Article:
Papal States

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The expression the Papal States - always in the plural and with the definite article - refers to the territory in central Italy over which the popes ruled from the eighth century until Italian unification in 1870. The extent of this territory, as well as the degree to which the popes were able to exercise effective control over it, varied considerably, but at its most extensive, in the eighteenth century, it included the present-day regions of Lazio, Umbria, the Marche, and the southern half of Emilia-Romagna. The Papal States are sometimes called the States of the Church.

Do not confuse the Papal States (plural) wirh the Papal State (singular). This latter expression, if it is used at all, would be taken to refer to the modern state of Vatican City, i.e., the enclave in Rome around St. Peter's Basilica over which the pope has temporal sovereignty (see further below).

The Western Roman Empire fell at the end of the fifth century CE, and in the sixth century, as the Byzantine emperors began to lose effective control of those parts of Italy over which they claimed authority, the pope gradually started to carry out some of their functions, first in the area around Rome and then in other parts of Italy. In 756 CE this situation was formally recognised in the so-called Donation of Pepin, when the Frankish king Pepin the Short (ruled 751-768), who had invaded Italy, defeated the Lombards, and taken control of northern Italy, granted the pope temporal jurisdiction over a broad band of territory stretching north east from Rome to Ravenna and thus brought the Papal States into existence. In 781 the territorial limits of the pope's temporal sovereignty were clarified by the Frankish king Charlemagne, who in 800 was crowned by pope Leo III as Emperor of the Romans (Augustus Romanorum (i.e., the first Holy Roman Emperor).

In the early centuries of the Papal States' existence the popes' ability to rule effectively was fragile and often subject to interference by Charlemagne's successors as Holy Roman Emperor. It was not until the beginning of the fourteenth century that the Papal States became a genuinely independent political entity, and even after that, during the period of the Avignon papacy (1307-1378), when the popes left Rome and took up residence in Avignon in the south of France, their ability to govern was severely limited, and powerful local families (e.g., the Malatesta in Rimini and the da Polenta in Ravenna) established themselves as rulers in many cities.

By the end of the fifteenth century the popes had succeeded in reasserting their authority over the Papal States, and especially during the papacies of Alexander VI (Rodrigo Borgia, reigned 1492-1503) and Julius II (Giuliano della Rovere, the 'Warrior Pope', reigned 1503-1513), an expansionist policy was pursued, the pope becoming one of Italy's most powerful secular rulers. (The Papal States are given a chapter to themselves in Il principe (The Prince, 1513), the celebrated work of the political philosopher Niccolò Machiavelli (1469-1527) - see Ch. 11 De principatibus ecclesiasticis (On Ecclesiatical Principalities).) The Papal States reached their greatest territorial extent in the eighteenth century, when they included the regions of Lazio, Umbria, Le Marche ('The Marches'; the '-che' in the Italian name is pronounced with a 'hard '-c-', as 'kay'), the cities of Ravenna, Ferrara, and Bologna, and other cities in the Romagna, small enclaves around the cities of Benevento and Pontecorvo in southern Italy, and even Avignon and its environs (acquired during the period of the Avignon papacy). Even then, though, effective government was often lacking and, as in much of the rest of Italy at the time, lawlessness and brigandage were rife.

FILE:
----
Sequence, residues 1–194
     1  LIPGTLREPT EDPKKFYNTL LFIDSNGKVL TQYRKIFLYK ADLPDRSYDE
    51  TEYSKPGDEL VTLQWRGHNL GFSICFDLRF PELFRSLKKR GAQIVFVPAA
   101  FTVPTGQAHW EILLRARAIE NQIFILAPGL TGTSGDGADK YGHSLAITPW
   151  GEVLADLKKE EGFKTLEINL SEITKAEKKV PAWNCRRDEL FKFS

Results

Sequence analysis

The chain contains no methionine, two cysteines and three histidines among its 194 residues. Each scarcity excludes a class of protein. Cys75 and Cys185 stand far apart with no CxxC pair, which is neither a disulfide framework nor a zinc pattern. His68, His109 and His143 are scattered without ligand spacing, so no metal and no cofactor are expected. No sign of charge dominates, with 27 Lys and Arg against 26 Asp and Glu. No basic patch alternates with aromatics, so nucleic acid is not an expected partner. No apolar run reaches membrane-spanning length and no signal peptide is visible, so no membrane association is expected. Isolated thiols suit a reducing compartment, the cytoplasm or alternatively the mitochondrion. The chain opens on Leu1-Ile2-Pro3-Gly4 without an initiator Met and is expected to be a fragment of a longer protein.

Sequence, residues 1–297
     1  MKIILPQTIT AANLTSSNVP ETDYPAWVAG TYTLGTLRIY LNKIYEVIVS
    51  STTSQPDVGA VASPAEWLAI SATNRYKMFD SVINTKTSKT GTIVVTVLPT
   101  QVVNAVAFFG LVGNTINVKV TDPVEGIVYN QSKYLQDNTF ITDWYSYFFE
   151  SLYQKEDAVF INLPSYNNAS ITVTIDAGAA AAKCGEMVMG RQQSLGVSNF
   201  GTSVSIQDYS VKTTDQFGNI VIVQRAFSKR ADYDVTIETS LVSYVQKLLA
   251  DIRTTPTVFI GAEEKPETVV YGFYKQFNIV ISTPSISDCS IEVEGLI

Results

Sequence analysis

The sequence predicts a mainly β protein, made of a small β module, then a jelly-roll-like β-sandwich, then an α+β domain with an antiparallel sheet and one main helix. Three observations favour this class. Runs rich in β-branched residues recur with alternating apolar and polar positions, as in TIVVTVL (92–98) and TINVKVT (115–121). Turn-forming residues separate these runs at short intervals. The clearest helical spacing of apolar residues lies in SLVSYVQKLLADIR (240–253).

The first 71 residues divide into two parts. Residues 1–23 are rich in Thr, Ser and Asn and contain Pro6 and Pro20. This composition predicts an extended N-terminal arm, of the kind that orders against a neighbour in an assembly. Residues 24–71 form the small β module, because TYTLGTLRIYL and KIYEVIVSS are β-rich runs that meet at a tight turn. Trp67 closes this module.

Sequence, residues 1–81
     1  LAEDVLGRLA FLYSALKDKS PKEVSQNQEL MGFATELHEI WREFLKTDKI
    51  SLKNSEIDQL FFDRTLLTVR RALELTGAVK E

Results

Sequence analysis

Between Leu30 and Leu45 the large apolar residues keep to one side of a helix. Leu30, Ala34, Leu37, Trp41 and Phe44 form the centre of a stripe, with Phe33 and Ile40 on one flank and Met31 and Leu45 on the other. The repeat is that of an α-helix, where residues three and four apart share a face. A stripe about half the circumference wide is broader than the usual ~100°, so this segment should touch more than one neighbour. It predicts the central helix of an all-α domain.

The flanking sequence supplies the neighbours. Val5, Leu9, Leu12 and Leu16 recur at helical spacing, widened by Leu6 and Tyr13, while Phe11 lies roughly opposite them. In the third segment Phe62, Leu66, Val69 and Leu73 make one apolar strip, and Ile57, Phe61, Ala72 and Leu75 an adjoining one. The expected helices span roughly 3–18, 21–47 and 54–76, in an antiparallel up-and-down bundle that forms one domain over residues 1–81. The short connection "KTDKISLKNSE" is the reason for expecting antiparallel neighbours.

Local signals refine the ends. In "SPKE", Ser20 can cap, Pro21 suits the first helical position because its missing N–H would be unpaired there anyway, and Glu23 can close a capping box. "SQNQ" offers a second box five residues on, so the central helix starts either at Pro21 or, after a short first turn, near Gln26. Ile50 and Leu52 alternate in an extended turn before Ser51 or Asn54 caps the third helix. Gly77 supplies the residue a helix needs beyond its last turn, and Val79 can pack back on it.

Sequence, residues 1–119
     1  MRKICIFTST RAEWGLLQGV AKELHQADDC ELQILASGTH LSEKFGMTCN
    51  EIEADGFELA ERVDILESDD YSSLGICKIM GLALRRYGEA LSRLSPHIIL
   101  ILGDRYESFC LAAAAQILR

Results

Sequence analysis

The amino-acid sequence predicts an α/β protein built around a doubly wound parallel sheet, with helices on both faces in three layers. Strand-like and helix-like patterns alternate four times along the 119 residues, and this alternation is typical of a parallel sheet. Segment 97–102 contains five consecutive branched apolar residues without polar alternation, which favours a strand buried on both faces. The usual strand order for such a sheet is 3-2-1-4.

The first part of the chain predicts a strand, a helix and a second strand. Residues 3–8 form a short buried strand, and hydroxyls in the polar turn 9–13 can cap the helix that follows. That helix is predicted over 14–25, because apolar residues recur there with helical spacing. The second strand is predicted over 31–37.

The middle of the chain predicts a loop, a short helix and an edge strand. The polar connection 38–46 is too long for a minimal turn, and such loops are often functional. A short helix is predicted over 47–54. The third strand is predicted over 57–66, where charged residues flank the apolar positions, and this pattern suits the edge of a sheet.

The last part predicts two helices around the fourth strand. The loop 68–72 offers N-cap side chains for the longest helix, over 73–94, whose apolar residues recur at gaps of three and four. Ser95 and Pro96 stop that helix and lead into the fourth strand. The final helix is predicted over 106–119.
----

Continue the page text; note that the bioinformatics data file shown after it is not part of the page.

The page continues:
During the Napoleonic era the Papal States were invaded twice by French armies, first in 1798, when a short-lived Roman Republic was established as a French client state, and secondly in 1808, when the Papal States were annexed to France as départements of the French Republic. After the fall of Napoleon the Papal States were restored, but the rise of Italian nationalism as well as other factors led to a growing mood of discontent: there were revolts in the Papal States, as in many other parts of Italy, in 1831; and in 1849, during the period when revolutions spread across Europe, another, equally short-lived, Roman Republic was declared in Rome after pope Pius IX had fled the city.

In 1860, after Garibaldi had defeated the Bourbon rulers of Sicily and southern Italy, Victor Emmanuel II, king of Piedmont and Sardinia, invaded, and assumed control of, the Papal States, which - apart from the city of Rome itself and its neighbourhood - were incorporated into the new nation of Italy. In 1870 Rome itself was taken and became the capital of the new national state. The pope refused to recognize the secular Italian state, and retreated to the area around St. Peter's Basilica on the west bank of the Tiber, where he was allowed to remain, though without any formal recognition of his temporal jurisdiction. (See further Garibaldi, Cavour, and Risorgimento.)

This situation persisted for nearly 60 years until 1929 when by the Lateran Treaty Italy recognized the temporal sovereignty of the pope over the area around St. Peter's Basilica, and the State of Vatican City came into existence.